1st flute (+picc)
2nd flute (+picc)
3rd flute (+picc)
3rd oboe (+c.a)
1st clarinet in Bb
2nd clarinet in Bb
3rd clarinet in Bb
1st horn in F
2nd horn in F
3rd horn in F
4th horn in F
1st trumpet in C
2nd trumpet in C
3rd trumpet in C
violin I (16)
violin II (14)
Commissioned by the Berliner Philharmoniker and Carnegie Hall
Location: Philharmonie Berlin / Germany
Orchestra: Berliner Philharmoniker
Conductor: Simon Rattle
Georg Friedrich Haas on dark dreams
– Your last piece to be performed at the Berlin Philharmonie was in vain. Has your new work drawn on in vain?
– I don’t think so. Of course it is by the same composer. But the same composer, 13 years on, is certainly a different one.
– It is written for a large orchestra rather than an ensemble…
– …and one has to handle intonation differently when it comes to a large orchestra compared to a chamber ensemble.
– Your orchestral work limited approximations with six pianos tuned in twelfth-tone intervals and your new concerto grosso No. 1 for four alphorns and orchestra were consciously written for soloists from whom the orchestra take their lead regarding intonation.
– This is not the case in dark dreams.
– But is there micro-tonality in this piece?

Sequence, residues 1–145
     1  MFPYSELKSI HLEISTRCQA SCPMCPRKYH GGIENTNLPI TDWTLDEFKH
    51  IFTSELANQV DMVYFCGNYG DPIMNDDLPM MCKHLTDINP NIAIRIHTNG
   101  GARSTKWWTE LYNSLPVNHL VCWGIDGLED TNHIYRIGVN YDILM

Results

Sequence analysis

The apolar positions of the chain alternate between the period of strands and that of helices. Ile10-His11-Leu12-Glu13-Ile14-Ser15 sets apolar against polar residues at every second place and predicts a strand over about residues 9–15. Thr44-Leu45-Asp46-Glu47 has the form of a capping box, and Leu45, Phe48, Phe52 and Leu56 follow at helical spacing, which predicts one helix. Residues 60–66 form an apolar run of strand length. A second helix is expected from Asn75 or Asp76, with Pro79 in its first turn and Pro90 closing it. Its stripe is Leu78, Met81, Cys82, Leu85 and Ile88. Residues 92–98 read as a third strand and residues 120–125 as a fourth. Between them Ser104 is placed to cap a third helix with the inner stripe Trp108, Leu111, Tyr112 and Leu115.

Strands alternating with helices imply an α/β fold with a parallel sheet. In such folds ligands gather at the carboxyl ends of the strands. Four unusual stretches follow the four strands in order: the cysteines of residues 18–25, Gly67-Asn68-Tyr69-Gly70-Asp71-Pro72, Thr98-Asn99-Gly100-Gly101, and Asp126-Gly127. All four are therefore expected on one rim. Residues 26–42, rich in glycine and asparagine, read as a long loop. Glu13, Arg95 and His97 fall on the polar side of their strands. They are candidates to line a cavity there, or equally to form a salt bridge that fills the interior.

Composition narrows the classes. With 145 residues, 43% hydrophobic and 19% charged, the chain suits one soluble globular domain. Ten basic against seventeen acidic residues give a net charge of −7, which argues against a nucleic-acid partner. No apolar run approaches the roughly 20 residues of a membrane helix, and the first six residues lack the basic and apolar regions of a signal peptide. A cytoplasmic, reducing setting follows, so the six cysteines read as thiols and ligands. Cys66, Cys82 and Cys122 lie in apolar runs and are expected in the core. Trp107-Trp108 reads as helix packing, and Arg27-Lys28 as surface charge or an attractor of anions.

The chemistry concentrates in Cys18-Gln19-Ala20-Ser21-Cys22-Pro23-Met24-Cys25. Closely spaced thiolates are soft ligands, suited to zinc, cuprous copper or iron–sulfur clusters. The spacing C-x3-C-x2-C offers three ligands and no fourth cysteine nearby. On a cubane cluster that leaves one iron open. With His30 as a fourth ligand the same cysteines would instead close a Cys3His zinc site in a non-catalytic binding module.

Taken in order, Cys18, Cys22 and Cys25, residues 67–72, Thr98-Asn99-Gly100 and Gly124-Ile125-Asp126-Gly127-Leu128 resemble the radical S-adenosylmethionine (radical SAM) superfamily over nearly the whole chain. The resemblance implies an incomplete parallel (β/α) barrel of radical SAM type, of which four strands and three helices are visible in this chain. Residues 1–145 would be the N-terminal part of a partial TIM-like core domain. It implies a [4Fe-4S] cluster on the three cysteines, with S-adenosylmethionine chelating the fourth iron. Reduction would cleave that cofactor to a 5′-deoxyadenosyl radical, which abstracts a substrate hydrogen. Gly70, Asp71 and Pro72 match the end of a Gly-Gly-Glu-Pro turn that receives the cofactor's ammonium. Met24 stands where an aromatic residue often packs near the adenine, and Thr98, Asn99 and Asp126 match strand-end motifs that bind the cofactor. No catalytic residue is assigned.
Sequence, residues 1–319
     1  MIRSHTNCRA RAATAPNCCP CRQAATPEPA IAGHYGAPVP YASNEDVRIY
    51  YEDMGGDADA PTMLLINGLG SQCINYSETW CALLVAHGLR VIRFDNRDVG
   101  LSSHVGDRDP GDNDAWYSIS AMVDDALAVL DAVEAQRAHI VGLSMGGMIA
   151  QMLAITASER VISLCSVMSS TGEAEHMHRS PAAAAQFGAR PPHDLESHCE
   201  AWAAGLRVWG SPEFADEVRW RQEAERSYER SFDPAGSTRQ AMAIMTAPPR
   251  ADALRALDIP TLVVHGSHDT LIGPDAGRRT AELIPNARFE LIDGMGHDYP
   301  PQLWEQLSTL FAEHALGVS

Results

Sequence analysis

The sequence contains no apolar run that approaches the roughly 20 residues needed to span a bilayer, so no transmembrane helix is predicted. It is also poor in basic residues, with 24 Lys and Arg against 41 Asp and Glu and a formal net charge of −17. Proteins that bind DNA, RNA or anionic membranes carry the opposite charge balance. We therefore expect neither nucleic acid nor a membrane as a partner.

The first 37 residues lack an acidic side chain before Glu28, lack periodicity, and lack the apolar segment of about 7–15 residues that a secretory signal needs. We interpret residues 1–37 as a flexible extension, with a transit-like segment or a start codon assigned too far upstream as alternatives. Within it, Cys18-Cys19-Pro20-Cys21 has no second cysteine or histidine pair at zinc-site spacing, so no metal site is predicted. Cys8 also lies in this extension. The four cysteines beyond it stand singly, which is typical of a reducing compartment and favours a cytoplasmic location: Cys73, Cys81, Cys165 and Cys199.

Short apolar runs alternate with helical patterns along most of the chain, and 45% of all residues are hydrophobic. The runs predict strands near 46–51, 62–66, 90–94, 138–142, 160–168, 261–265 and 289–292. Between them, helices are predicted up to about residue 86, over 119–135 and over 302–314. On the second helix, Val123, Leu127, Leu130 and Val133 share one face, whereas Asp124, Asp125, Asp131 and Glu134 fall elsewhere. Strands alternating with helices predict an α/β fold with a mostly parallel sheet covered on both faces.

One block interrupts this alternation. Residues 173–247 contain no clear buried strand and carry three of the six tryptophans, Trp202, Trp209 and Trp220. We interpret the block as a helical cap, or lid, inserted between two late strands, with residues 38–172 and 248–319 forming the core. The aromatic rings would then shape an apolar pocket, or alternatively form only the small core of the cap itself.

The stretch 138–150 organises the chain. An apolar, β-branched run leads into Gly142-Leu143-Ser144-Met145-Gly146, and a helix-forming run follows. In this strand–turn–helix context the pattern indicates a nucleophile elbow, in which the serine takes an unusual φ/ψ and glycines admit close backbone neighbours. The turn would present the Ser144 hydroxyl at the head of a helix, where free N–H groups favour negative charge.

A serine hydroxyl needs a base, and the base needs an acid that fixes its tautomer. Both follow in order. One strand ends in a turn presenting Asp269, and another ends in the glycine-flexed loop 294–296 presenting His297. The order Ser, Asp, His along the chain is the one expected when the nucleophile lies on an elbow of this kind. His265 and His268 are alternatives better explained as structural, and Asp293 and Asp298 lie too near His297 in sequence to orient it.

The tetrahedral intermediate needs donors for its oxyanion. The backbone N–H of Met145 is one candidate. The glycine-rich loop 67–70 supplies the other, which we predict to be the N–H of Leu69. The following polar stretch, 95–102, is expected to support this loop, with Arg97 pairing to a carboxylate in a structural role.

– Yes, I can’t write without it. There are a few overtone chords, but overall the intonation is far easier than in in vain.
– Can one describe your music as Klangmusik, which is primarily based on the attraction of the sounds?
– That is definitely something which characterizes my personal style – the development of the sound contains the main information. That said, there is something special that happens in this piece: towards the end, a very clear melodic structure suddenly appears. After 17 minutes, the bassoon starts playing a solo melody. After the lengthy development of the sound prior to this, this linearity appears as an alien element – an expressive alien element.
– And this is then transferred to the orchestra?
– The orchestra then takes over the melody: the whole orchestra begins to sing. I write a lot in unison in that part, with the tones spread over several octaves. Imagine an organ where you can continually and gradually change the register, say through a computerized control system – which of course would not be possible on an organ.
– So we get a sort of Klangfarbenmelodie.
– I started using this technique at the beginning of Tetraedrite. The idea came to me when I heard Simon Rattle and the Berlin Philharmonic with Mahler’s 9th. In Tetraedrite, it’s very simple: there are two unisoni, one with all the strings and one with all the wind. In dark dreams, it is a bit more complicated because these unisoni are extended to several octaves with the registers constantly changing. One melody, for example, begins in a medium register and then shifts to another octave, then the lower register unfolds.